Study highlights that Chinese sperm quality is falling due to pollution

chinese-sperm-pollutionIt has been known for some time that pollution is adversely affecting the sperm quality of Chinese men. Now, a study has gone some way to proving it and been published in the journal, Environmental Pollution.

The study was led by researchers from China’s Third Military University. It compared the sperm quality of men residing in Chongqing City, an industrial city in the southwest of China, with those in nearby rural areas. 1,300 men were examined. City dwellers had more abnormally-shaped sperm and their sperm also swam more slowly. The shape of sperm and what it’s funky to describe as its motility are important to male fertility.

The scientists determined that air pollution was responsible for diminishing sperm quality. Levels of particulate matter, nitrous dioxide and sulphur dioxide in Chongqing exceed World Health Organisation guidelines, eightfold in the case of particulate matter. The study concluded, “Exposure to higher concentrations of PM10, SO2, and NO2 in urban ambient air may account for worse semen quality in urban males.”

Dr Ahmad Hammoud, an Assistant Professor of the University of Utah and Medical Director of the Utah Center for Reproductive Medicine, was not involved in the study but is certainly an expert in reproductive health. He explained that particulate matter includes polycyclic aromatic hydrocarbons – PAHs – which “can have hormone-like activity … so they can possibly affect the hormonal balance in the body.” PAHs can also contain a great number of other pollutants, for instance cadmium, lead and mercury, which can be toxic to sperm.

There has been much discussion in the scientific community of reported declines in sperm quality. In Australia, a sixth of couples experience difficulty in conceiving naturally, with half of cases connected to male infertility. The proportion is the same in the United Kingdom. The journal, Human Reproduction, published a study demonstrating that the sperm count of the average Frenchman had fallen by around a third from 1989 to 2005. British sperm fared similarly over the same period, as shown by a study of men attending the Aberdeen Fertility Centre undertaken by Aberdeen University. A further study that appeared in Human Reproduction identified traffic pollution as deleterious to sperm quality, based on examination of 85 men employed at motorway tollgates and another 85 who were otherwise employed but lived in the same area.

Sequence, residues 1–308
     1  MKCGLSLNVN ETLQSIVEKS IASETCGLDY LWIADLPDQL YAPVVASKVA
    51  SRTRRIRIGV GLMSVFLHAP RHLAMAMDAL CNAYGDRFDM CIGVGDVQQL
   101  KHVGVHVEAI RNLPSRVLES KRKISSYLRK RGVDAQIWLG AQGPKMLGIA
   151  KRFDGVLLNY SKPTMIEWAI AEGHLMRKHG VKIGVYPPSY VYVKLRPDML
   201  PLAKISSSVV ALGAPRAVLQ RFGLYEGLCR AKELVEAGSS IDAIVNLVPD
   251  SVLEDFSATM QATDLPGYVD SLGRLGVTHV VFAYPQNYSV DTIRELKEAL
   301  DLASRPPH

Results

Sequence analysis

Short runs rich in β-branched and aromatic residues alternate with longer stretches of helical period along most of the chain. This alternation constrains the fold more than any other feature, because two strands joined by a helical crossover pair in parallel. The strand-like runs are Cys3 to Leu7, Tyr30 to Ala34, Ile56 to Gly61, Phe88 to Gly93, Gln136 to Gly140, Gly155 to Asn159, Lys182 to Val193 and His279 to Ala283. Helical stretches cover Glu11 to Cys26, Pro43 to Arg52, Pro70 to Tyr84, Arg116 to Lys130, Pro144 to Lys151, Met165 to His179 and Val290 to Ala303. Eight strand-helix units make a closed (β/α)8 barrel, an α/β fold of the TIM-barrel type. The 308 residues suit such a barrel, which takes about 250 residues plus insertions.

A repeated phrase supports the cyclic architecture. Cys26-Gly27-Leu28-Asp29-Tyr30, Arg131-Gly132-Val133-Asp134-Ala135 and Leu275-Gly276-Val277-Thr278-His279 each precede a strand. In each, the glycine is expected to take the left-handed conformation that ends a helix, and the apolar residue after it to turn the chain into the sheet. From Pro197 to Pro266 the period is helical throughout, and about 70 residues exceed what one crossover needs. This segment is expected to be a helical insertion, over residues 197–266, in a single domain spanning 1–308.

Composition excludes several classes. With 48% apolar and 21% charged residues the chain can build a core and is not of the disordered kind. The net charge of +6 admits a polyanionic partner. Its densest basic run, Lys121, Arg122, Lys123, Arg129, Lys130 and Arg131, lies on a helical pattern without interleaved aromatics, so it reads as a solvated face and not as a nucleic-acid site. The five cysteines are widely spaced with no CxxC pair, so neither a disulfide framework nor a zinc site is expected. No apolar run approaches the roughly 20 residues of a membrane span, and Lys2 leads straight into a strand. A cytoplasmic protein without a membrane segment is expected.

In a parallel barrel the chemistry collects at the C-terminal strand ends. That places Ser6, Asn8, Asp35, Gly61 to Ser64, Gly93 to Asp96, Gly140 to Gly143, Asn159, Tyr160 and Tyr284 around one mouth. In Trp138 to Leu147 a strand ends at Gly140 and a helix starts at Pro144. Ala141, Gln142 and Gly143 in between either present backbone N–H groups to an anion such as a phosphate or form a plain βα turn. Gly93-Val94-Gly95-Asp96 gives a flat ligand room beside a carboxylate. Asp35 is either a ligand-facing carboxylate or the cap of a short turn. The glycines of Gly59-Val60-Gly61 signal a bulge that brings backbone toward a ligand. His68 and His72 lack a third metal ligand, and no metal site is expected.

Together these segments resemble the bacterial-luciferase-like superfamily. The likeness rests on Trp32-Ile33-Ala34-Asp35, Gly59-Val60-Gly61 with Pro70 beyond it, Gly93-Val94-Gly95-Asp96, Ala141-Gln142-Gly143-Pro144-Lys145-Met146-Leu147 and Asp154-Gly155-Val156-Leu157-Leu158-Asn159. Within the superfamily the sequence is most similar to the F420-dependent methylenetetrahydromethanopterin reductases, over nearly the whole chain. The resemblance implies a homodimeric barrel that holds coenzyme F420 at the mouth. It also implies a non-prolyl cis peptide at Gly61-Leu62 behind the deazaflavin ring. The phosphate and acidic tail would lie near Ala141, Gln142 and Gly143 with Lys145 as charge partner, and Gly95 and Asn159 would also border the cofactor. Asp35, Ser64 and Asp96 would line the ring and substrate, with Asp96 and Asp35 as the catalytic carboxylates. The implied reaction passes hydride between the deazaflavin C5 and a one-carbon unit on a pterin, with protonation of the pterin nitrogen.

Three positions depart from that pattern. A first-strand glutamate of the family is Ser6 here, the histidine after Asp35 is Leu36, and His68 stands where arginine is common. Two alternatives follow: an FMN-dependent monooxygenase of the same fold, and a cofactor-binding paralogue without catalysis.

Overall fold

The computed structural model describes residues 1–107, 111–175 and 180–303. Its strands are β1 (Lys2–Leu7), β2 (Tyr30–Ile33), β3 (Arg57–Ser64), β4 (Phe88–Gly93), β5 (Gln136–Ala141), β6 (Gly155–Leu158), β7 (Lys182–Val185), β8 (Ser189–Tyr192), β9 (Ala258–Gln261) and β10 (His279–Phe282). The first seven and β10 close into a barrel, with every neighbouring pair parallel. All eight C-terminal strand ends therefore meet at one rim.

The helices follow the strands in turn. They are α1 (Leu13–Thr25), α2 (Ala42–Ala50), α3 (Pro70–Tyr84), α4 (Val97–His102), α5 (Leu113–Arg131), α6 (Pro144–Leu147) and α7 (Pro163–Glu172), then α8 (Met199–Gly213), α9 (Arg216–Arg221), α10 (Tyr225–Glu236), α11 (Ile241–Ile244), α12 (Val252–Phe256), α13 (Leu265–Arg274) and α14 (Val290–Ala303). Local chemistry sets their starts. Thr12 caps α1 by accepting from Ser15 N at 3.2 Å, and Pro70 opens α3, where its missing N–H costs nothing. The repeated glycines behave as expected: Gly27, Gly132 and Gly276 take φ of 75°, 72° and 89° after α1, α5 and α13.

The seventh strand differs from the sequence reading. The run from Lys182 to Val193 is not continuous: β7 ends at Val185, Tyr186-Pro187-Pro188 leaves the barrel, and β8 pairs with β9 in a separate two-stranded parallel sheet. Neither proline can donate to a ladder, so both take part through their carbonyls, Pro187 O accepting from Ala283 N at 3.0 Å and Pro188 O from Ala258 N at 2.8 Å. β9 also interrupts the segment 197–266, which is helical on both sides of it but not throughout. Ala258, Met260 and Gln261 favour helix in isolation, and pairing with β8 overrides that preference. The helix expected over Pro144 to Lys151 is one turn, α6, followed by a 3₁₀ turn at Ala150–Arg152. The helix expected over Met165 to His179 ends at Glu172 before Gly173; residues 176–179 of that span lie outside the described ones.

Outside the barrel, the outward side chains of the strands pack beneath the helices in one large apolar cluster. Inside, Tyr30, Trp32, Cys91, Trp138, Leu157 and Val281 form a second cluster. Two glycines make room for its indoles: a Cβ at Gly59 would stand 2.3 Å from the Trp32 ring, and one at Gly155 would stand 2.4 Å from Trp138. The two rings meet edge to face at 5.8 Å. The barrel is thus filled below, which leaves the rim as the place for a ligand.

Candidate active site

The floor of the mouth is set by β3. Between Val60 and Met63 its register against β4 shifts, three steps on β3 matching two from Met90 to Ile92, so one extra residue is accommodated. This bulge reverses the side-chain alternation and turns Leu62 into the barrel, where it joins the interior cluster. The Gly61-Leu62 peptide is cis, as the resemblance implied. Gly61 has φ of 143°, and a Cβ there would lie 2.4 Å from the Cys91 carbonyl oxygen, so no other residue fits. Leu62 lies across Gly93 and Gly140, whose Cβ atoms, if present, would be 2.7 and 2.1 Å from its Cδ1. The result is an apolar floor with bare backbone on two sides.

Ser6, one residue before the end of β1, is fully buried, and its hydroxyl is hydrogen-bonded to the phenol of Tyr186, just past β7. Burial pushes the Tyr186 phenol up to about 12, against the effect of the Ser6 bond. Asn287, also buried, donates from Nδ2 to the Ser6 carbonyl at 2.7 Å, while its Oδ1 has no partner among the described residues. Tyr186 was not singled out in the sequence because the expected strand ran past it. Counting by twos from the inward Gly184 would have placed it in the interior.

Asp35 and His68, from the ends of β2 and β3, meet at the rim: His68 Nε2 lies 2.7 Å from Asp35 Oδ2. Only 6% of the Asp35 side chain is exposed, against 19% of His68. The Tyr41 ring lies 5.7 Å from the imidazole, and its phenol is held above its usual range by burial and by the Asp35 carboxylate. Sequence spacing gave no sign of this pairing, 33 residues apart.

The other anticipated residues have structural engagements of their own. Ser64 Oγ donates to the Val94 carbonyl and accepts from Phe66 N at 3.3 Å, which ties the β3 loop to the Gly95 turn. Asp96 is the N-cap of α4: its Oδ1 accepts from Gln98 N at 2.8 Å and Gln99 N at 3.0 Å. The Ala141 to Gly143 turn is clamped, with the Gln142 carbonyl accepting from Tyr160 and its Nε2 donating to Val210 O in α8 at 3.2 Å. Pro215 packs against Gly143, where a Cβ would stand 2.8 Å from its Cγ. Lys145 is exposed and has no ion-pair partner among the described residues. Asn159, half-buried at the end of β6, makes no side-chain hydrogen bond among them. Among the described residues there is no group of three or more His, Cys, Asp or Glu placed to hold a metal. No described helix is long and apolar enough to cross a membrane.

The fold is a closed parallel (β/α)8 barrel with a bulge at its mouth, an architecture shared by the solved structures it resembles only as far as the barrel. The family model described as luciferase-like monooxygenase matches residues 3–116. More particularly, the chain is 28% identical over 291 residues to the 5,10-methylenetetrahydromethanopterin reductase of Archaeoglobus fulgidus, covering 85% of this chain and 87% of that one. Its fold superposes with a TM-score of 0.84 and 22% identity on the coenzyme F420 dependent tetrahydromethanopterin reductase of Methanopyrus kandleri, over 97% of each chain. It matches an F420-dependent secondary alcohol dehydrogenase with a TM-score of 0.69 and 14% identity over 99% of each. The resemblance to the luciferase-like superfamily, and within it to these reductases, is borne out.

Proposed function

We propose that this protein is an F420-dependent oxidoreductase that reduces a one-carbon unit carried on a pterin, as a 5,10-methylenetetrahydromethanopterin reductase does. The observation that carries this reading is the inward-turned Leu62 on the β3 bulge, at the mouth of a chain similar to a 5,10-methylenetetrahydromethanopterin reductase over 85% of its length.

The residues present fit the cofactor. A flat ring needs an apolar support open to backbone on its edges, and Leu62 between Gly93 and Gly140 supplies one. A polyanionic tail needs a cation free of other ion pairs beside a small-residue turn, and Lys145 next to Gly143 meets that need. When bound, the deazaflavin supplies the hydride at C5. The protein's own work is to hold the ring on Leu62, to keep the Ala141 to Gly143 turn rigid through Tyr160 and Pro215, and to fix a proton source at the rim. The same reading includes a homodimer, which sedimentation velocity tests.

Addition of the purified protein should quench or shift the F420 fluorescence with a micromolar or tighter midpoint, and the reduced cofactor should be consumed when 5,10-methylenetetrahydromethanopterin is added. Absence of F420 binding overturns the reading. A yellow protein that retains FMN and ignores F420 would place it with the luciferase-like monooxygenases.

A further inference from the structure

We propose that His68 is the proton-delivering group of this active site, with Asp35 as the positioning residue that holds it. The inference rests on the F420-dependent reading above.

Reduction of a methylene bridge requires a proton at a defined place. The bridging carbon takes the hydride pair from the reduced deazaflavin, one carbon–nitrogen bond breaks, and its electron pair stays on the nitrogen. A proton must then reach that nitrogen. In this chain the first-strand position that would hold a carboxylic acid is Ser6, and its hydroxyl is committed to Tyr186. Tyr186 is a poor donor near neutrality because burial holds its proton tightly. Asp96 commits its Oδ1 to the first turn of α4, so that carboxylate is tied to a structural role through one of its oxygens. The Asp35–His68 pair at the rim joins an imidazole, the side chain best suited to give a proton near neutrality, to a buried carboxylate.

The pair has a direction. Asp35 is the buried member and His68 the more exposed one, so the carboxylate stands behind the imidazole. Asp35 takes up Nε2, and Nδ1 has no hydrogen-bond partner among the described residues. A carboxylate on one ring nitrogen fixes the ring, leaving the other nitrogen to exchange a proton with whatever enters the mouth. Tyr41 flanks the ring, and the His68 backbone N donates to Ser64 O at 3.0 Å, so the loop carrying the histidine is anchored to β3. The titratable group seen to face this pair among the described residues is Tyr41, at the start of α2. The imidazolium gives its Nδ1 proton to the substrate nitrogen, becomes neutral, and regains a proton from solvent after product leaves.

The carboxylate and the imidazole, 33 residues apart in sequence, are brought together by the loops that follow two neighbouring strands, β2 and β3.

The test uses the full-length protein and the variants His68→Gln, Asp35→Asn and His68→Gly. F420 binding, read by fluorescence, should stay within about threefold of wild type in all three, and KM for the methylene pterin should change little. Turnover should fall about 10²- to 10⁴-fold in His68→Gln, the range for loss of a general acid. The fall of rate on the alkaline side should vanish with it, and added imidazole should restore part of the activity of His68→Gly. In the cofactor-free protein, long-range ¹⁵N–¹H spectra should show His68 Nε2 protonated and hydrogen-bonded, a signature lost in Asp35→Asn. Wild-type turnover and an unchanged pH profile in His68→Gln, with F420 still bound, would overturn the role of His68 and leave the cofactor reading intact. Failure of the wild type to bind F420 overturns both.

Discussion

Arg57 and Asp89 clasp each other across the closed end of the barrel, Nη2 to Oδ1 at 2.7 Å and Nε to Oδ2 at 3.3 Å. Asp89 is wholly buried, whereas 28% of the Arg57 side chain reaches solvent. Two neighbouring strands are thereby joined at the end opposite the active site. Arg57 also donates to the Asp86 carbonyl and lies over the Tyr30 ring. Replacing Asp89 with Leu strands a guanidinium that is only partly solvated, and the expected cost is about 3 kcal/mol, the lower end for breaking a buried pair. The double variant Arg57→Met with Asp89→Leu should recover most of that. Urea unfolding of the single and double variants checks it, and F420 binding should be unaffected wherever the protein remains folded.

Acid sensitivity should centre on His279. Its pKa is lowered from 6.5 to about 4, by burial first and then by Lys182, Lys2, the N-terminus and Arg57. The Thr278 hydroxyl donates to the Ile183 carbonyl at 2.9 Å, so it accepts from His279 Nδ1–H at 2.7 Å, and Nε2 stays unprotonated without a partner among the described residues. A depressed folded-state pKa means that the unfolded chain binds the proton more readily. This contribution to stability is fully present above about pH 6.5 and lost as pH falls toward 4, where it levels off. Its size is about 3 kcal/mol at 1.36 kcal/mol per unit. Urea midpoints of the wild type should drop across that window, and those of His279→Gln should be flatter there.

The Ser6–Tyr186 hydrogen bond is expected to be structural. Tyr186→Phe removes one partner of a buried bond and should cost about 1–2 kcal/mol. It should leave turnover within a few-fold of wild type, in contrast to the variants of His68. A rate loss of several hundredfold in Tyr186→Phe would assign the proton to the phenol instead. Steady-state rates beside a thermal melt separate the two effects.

Studies into the effects of pollution on fertility in China have tripled in the last five years, from 23 in 2008 to 68 in 2013. Dr Liu Liangpo, a researcher for the Chinese Academy of Sciences’ Institute of Urban Environment, bewailed that pollution in China made for a “particularly grim” situation: “Polluted water, unsafe food, bad air … so many things are threatening the reproductive capacity of Chinese people.”

Liangpo added that with pollution, there was no need for a one child policy. The state-run Xinhua news agency reported that infertility among Chinese people of child-bearing age increased to 12.5 percent in 2010, compared to a mere three percent two decades before. Over 40 million people on the Chinese mainland have been diagnosed as infertile.

There are experts who believe that unhealthy lifestyles account for 70 percent of infertility in women and half of infertility in men, with environmental conditions possibly accounting for much of the remainder. Those environmental conditions might include tight trousers.

Jo Immig, the national co-ordinator of the National Toxics Network Australian pressure group, repined, “It strikes at the very heart of who we are as a species if we are actually starting to say that the things that we are doing to the environment are stopping us from reproducing.” She asked what effect pollutants could be having on human health overall, with cancers, the immune system and neurological problems in children all possibilities – what she called “the full spectrum of disorders.”

About the Author Timothy Chilman

Timothy Chilman used to work in IT. Once, in Sydney, he was turned down for a job because he was “too flamboyant” (“Someone who wears green tartan suspenders to a job interview probably isn’t going to fit in here”). Timothy then became an English teacher. University students in Bangkok complained that he was “too enthusiastic” and company students in Prague complained that he was “too theatrical.”

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